He collapsed, stared back to the path where the vixen sat, watching him. He waved and made his way towards the tower. There was a tumble down wall, dull safety notice pinned to it with a warning to keep out. Aiden ignored it, clambering up over the stones and through the remains of the doorway.
Cold crept over him as he stepped out into the tower's base and stared up at the crumbling mass of stone. The moon shone bright, clear, hanging directly overhead. It was larger than it had been outside the tower and the shadows it cast were strange, fleeting. Aiden suppressed a shudder as they moved around him. He saw faces in the them, leering out from the darkness. He took a step back as they swarmed about the walls, filling the hollow tower with darkness.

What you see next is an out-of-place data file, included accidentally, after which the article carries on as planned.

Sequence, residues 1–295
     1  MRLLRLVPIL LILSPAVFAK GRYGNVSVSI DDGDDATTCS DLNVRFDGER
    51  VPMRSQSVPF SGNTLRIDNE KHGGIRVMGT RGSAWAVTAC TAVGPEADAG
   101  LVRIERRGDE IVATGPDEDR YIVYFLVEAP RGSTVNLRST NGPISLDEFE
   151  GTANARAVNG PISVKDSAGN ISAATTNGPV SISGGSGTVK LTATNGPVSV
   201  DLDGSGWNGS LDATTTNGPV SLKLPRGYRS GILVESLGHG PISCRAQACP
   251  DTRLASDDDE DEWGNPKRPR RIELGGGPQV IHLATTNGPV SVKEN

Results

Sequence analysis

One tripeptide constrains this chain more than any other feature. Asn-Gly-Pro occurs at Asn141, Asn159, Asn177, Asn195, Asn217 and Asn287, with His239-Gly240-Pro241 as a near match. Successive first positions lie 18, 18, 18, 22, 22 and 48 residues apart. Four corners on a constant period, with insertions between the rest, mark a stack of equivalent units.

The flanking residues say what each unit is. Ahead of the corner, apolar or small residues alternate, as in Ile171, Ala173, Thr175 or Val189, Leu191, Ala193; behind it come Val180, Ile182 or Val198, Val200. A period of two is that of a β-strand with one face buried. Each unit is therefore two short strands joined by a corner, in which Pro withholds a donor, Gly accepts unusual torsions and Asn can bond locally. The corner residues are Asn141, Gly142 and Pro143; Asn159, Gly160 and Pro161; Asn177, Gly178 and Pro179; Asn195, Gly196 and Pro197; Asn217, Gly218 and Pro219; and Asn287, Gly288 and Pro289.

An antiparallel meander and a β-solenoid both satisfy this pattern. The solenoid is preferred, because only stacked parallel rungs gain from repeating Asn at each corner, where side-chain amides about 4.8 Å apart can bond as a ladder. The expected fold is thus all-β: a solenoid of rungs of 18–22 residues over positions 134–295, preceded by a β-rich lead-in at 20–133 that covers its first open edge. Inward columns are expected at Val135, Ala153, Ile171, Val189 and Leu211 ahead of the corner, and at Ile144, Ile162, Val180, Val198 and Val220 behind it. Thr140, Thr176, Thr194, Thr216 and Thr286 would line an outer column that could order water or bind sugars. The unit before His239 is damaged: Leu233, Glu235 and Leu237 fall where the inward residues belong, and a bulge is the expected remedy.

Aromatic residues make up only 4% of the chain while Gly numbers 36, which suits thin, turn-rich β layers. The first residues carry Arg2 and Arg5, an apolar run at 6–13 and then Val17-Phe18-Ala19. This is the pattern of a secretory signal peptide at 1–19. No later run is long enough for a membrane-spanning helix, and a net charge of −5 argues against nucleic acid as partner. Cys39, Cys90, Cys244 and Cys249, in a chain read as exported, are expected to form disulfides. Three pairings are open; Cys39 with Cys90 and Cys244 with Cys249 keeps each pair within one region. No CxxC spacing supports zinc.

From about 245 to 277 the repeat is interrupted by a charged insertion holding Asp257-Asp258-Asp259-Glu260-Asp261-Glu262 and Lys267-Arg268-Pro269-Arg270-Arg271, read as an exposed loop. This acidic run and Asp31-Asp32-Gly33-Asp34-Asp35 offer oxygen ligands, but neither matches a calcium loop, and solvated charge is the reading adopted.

From the top of the tower he heard a clank, his eyes rose to see the knight, standing at the edge of the jagged broken staircase. The shadows reached up, and he stepped out onto them, letting them lower him back down to the ground. His eyes glowed red under the edge of his helmet. His sword rasped from its scabbard as he stepped forward, the dents seemed to flow out of his helm, his shield. He stepped forward, gestured with his hand, and impossibly, there was the sound of a door shutting.
Aiden risked a glance back and saw the way was barred, a wooden door, bristling with rivets, now stood between him and freedom. To his left a torch flickered into life, casting an orange light across the room. Above the moon disappeared, leaving only the light of the guttering torch. He stared that he approaching knight as he advanced.
Outside, Yelena saw the ghost disappear, and something thrilled down her spine. Something was wrong. Instinct told her that she needed to go, needed to fetch the other boy, the sun child. She leapt to her paws and ran, heading through the darkness towards the boys' home.